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Update Indigenous research rules, Australian health council told

NHMRC says it will implement changes following 2023 review

The way Indigenous health research is funded in Australia is likely to change following a national review process.

A report from the National Health and Medical Research Council, based on a 2023 consultation, says the council’s Indigenous Research Excellence Criteria are seen as needing to be “refreshed”.

Indigenous stakeholders and researchers told the NHMRC’s review that although the criteria were still relevant, some terminology was outdated and more community leadership and engagement were needed.

There was a particular call for the inclusion of concepts such as Indigenous knowledge, Indigenous data sovereignty and an Indigenous-centred focus on translation and impact of research.

“Consultation feedback recommended strengthening the language of the criteria to recognise the importance of respectful two-way ‘reciprocal’ partnerships with Aboriginal and Torres Strait Islander communities,” the report says.

Engagement and accountability

The report, based on discussions with nearly 200 people as well as written submissions and a webinar, was released on 17 January. The NHMRC has a target of 5 per cent of funded research going to work benefiting Aboriginal and Torres Strait Islander people.

Participants wanted research to provide “capacity building” as well as new knowledge. They were concerned that a current rule—that 20 per cent of the research effort or capacity building must relate to Indigenous health in order for work to qualify as Indigenous health research—was confusing and open to “gaming”.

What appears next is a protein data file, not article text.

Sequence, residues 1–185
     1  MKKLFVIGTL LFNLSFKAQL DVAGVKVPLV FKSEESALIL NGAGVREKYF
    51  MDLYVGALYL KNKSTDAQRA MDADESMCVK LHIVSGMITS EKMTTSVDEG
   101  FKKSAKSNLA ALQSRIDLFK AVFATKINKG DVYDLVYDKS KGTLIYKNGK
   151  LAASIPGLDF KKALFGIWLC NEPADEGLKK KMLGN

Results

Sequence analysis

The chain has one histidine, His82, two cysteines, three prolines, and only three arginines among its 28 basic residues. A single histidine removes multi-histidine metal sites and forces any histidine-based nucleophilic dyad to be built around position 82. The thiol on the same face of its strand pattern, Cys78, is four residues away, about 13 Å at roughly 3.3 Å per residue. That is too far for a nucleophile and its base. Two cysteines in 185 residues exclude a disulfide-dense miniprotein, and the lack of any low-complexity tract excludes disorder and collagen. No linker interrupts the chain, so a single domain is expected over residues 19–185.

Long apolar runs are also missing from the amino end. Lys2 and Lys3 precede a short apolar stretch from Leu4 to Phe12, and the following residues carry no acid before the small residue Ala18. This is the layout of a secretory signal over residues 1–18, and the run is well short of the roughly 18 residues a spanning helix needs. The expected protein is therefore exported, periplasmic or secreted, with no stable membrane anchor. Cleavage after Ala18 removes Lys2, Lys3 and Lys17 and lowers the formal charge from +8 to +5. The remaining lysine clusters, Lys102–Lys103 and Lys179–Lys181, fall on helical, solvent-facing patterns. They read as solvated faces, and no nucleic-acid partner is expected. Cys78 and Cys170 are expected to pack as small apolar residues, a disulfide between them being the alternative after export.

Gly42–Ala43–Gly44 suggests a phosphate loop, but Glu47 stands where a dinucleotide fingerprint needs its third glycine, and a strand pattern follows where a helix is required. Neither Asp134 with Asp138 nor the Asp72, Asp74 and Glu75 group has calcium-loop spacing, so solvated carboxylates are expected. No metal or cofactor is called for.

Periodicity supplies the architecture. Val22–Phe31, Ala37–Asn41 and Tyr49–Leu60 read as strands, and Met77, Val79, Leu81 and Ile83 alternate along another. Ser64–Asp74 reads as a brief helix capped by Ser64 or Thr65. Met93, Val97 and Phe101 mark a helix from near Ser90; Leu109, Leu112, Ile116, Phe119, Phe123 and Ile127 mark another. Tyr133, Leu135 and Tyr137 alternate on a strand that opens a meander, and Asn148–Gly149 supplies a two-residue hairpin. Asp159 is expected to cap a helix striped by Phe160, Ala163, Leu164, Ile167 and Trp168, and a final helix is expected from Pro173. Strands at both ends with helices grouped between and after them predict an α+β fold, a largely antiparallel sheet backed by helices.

Indigenous health research was valued by participants, particularly when they had a say. “Aboriginal and Torres Strait Islander communities must be engaged from the conception of the projects as equal partners and have an active role in the governance of research,” the report says. Some participants wanted more tangible outcomes and accountability for research aims.

But there was no consensus on alternative approaches, which could include a New Zealand-style requirement that all applications across the NHMRC programme answer a question about relevance to Indigenous health.

On releasing the report, the NHMRC said the feedback would be used to “implement changes to the Indigenous Research Excellence Criteria and associated peer review processes”—but no timeline was given, although the council has previously suggested that any changes would apply from late 2024. The NHMRC said it was working with its Principal Committee Indigenous Caucus on the implementation.